Foley Brothers Blackheart imperial maple porter. Definitely not a session Ale. There is a Craft Beer Cellar across the street. I'm gonna get Foley Brothers for Thirsty Thursday - Gaps Edition.

Josh: Nice. OK to drive?
Me: I’m walking. Ha! I'll be here another hour. No more beer. Will be ok. All half pours.

BBQ - you going? If I get home by 6, maybe I'll swing by. 

For the drive home. Don't worry; it's cold brew--coffee, not beer. I made it last week..

The Plan

  • Coffee Corner Diner for VT’s best Eggs Benedict (according to Yelp)
  • hike Camel’s Hump
  • Prohibitiion Pig for lunch and beers
  • drive home for Rippers’ 1st Annual BBQ contest and beers
  • pick Julie up from Logan at midnight

Biking the Fall Classic 200k

The 200k route is close to 70% unpaved, with ~85 miles of dirt roads. Both of these routes feature a bit of adventure along the way which riders should be prepared for. Both routes traverse a few roads which are categorized as Class IV & are minimally maintained. The 200k will follow a rail-trail which is also minimally maintained. The condition of these roads/trails largely depends on the weather leading up to & during the brevet. Riders may encounter short sections of ruts, mud, boulders, soft sand, gravel, steep descents/ascents & downed tree branches. Conditions may change along these roads within a very short distance so be prepared for variable conditions. Wide tires, 700 x 32, etc., will prove helpful, especially if the weather is inclement. The late summer weather has been very dry & so a road bike with 700 x 28 tires was sufficient for a recent pre-ride of the route. With an open mind & a bit of an adventurous spirit you’ll likely very much enjoy these quiet, scenic stretches as they pass through wooded, remote areas of Vermont.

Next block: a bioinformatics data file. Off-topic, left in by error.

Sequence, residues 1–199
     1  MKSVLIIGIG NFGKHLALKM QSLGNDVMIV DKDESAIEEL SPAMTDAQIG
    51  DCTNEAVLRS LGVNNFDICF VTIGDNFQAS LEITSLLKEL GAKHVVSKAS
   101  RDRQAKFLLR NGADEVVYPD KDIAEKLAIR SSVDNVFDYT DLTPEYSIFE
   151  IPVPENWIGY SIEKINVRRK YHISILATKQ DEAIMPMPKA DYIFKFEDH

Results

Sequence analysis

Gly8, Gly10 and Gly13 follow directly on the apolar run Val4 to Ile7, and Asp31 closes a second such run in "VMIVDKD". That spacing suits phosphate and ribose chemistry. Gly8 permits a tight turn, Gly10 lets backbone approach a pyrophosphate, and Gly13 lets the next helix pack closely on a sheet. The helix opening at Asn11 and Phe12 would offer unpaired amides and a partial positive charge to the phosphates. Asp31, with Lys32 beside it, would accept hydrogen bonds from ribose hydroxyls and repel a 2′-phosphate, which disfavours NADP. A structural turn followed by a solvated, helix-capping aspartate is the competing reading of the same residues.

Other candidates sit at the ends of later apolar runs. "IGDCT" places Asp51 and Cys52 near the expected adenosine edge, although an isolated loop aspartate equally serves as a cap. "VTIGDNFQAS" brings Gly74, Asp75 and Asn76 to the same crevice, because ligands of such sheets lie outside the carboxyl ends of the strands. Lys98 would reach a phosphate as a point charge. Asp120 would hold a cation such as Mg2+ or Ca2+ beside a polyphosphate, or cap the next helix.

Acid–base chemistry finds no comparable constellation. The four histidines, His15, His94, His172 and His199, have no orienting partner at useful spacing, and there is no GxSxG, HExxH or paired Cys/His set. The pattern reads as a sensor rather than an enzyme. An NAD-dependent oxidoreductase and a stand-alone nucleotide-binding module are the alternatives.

Note: The 200k is a very challenging route, with significantly more climbing along the 2nd loop of the ride. The second loop has about 5,500 feet of climbing over 57 miles or close to 100 feet of climbing per mile. The 10 mile ride along the rail trail is gradually downhill, however, the minimally maintained, frequently rough condition of the rail trail makes this section particularly challenging. Use caution along the rail trail & be prepared to ride slowly & brake suddenly to avoid soft sand, rocks, roots, etc.

post-ride party: at the ride organizer’s house (start/finish) immediately following the 110k, from approximately 2 PM – 7 PM. Food, beverages & showers will be available.


Hiking Camel's Hump

I picked my route based on An Insider's Guide to Hiking Camel's Hump and VT State Parks trail map. Monroe Trailhead is on the east of the mountain, so closer to Montpelier, and Dean Trail goes past a pretty beaver pond.
  • 7.4 miles, Difficult, (2583' via Monroe Trail and Dean Trail)
  • Book Time: 5:00, Actual Time: 3:24
  • Start from the parking lot at the end of Camel’s Hump Road, North Duxbury, VT on the eastern flank of the mountain
  • Monroe Trail, Dean Trail, Long Trail heading north to Summit, Monroe Trail back to the trailhead

Odds and Ends

I listened to A Man Called Ove by Fredrik Blackman while driving to and from Montpelier.
The author does a great job developing the characters; I feel like they are real people, some of whom I've met.
The story unfolds slowly, and first impressions are adjusted as I learn more about Ove.
At times I was laughing out loud.